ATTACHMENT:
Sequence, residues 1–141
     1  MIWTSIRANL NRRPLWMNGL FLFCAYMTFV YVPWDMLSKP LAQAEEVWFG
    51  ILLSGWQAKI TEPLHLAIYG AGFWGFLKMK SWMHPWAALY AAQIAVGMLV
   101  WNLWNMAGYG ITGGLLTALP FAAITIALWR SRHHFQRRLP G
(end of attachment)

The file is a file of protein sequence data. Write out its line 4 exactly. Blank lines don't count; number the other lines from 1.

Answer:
   101  WNLWNMAGYG ITGGLLTALP FAAITIALWR SRHHFQRRLP G